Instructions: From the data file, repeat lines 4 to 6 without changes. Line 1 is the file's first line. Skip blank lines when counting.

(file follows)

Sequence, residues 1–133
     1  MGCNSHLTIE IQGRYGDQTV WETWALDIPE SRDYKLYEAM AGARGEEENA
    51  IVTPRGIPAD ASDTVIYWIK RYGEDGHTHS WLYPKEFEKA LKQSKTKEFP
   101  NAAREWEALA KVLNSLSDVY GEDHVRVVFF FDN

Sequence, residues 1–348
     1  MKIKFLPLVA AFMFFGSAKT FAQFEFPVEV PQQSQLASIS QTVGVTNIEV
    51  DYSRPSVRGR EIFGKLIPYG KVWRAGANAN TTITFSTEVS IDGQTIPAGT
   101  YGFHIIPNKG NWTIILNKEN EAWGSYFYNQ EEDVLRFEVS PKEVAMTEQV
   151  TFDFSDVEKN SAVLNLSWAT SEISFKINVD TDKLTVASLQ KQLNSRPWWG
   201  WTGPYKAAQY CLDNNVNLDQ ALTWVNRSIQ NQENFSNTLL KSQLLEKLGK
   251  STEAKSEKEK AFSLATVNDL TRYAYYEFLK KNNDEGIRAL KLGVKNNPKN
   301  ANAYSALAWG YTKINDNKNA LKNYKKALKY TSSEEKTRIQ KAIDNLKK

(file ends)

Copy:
   101  NAAREWEALA KVLNSLSDVY GEDHVRVVFF FDN

Sequence, residues 1–348
     1  MKIKFLPLVA AFMFFGSAKT FAQFEFPVEV PQQSQLASIS QTVGVTNIEV